How fast is that proton?

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In summary: because of the sign, and that's basically it, the proton is going towards the photon at .999999999999999999999999999999999999999999999999999999999999999999999999999999999999999999999999999999999999999999999999999999999999999999999999999999999999999999999999999999999999999999999999999999999999999999999999999999999999999999999999999999999999999999999999999999999999999999999999999999999999999999999999999999999999999999999999999999999999999999999999999999999999999999999999999999
  • #1
cartonn30gel
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how fast is that proton??

SORRY; I HAD TO MOVE THIS TO THE ADVANCED SECTION

Homework Statement



We are in a laboratory and there is a photon and an ultra-relativistic proton moving. The energy of the photon in the frame of reference of the laboratory is 35eV. The energy of the same photon in the frame of reference of the proton is 5MeV. What is the energy of the proton in the frame of reference of the laboratory?

Homework Equations



energy = h*f
Relativistic doppler effect
Lorenz velocity transformations
relativistic energy

The Attempt at a Solution



using energy = h*f

first frequency (f1) is 8.48*10^(15) Hz
second frequency (f2) is 1.21*10^(21) Hz

change of frequency is I guess because of Doppler effect
because f2 > f1, the proton and the photon must be approaching each other. But no matter what, the proton will see the photon approaching with a speed of c. I am not sure if it is valid to use the Doppler formula here. If I use, I get,
B=v/c=0,99999 (the relative speed of the photon and the proton)

then using Lorenz velocity transformation in x direction I get the speed of the proton to be -c. I thought this could be an indication of the proton's actually to be moving away from the photon (that means both moving in the same direction)

But then I cannot use Energy= (gama)*m*c^(2) because (gama) will be infinite.

I'd appreciate any help.
thanks
 
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  • #2
I believe you're right to use the doppler effect, but I didn't follow your application

The relativistic doppler shift is frequency observed = sqrt[(1-v/c)/(1+v/c)]*frequency emitted from the source

The problem is V is going to be humongous and yes, negative

f2/f1 is like somethingx10^35, so you get (10^35-1)=-(10^35+1)v/c

Divide both sides by 10^35+1 and you get -v/c=a number just so very much almost 1 but just not quite, like .9999 out to 30+ decimal places

Now when you use the equation like I did, you're assuming positive V means they're moving AWAY from each other, so the negative means the opposite of what you concluded, they're rushing towards each other, and the proton is basically going an incredibly small amount less than c. So yes gamma is going to be gigantic to the point of ludicrous and the energy of the proton is going to be gigantic to the point of unreasonable. But I think that's the idea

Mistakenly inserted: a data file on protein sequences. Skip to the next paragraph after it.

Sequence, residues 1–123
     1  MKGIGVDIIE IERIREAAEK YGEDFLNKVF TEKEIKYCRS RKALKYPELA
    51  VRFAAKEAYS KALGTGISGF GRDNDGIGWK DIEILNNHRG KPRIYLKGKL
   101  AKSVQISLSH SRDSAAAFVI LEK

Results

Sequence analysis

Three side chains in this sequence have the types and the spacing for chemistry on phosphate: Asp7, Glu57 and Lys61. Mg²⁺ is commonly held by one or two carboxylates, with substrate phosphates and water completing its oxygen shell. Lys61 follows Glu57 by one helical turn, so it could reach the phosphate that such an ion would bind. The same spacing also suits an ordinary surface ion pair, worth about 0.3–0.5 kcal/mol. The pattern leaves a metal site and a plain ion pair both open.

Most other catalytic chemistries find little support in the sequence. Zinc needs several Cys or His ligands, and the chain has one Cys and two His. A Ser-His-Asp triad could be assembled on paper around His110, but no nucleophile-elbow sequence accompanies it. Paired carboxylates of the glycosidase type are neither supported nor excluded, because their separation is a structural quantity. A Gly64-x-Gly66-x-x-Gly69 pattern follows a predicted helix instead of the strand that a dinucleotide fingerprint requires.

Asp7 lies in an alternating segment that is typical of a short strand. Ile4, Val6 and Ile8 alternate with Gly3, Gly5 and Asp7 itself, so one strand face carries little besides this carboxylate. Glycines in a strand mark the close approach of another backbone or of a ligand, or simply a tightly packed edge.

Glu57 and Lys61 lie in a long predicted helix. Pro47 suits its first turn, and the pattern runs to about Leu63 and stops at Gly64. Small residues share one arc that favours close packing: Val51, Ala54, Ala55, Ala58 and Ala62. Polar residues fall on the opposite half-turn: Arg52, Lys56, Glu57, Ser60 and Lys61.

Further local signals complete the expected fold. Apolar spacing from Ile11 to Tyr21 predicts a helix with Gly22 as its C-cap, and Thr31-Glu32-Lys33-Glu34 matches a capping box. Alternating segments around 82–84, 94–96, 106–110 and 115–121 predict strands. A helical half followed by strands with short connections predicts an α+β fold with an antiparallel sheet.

If it were ACTUALLY going the speed of light, which you rounded off too, then yes it would have infinite energy.

Which is the point, objects with mass don't get to go the speed of light because we can't impart infinite energy to them. So I think you did the problem right, me following or not, but reached the wrong conclusion
 
  • #3


Homework Statement

Homework Equations

The Attempt at a Solution

Sorry, I am not able to solve this problem. It is beyond my level of expertise in relativity. I think you should post the problem in the Advanced Physics section to get a better response.

The question is asking about the energy of the proton in the laboratory frame, not its speed. To find the energy in the laboratory frame, you need to use the relativistic energy equation: E^2 = (pc)^2 + (mc^2)^2

In this case, the energy of the proton in the laboratory frame is given by:

E^2 = (pc)^2 + (mc^2)^2
= [(5MeV/c)^2 + (m_proton*c^2)^2]
= (25MeV^2/c^2) + (m_proton*c^2)^2

You can use the fact that the energy of the photon in the laboratory frame is 35eV to solve for the mass of the proton.
 

1. How do you measure the speed of a proton?

The speed of a proton is typically measured using a particle accelerator, such as the Large Hadron Collider (LHC). The LHC uses magnetic fields to accelerate protons to nearly the speed of light and then measures their velocity using specialized detectors.

2. What is the maximum speed a proton can reach?

The maximum speed a proton can reach is very close to the speed of light, which is approximately 299,792,458 meters per second. As protons have a mass, they cannot reach the exact speed of light, but can get very close to it.

3. How fast is a proton compared to other particles?

A proton is relatively heavy compared to other particles, such as electrons. It is approximately 1,836 times more massive than an electron, but can still reach very high speeds due to its small size. Protons are also much slower than particles like neutrinos, which can travel at nearly the speed of light.

4. Can the speed of a proton be changed?

Yes, the speed of a proton can be changed through various methods, such as using electric or magnetic fields to accelerate or decelerate them. However, protons cannot exceed the speed of light, as predicted by Einstein's theory of relativity.

5. Why is it important to know the speed of a proton?

The speed of protons is important in many fields of science, including particle physics, astrophysics, and medical research. Understanding the speed of protons can help us better understand the fundamental building blocks of the universe and how they interact with each other. It is also crucial for developing new technologies, such as proton therapy for cancer treatment.

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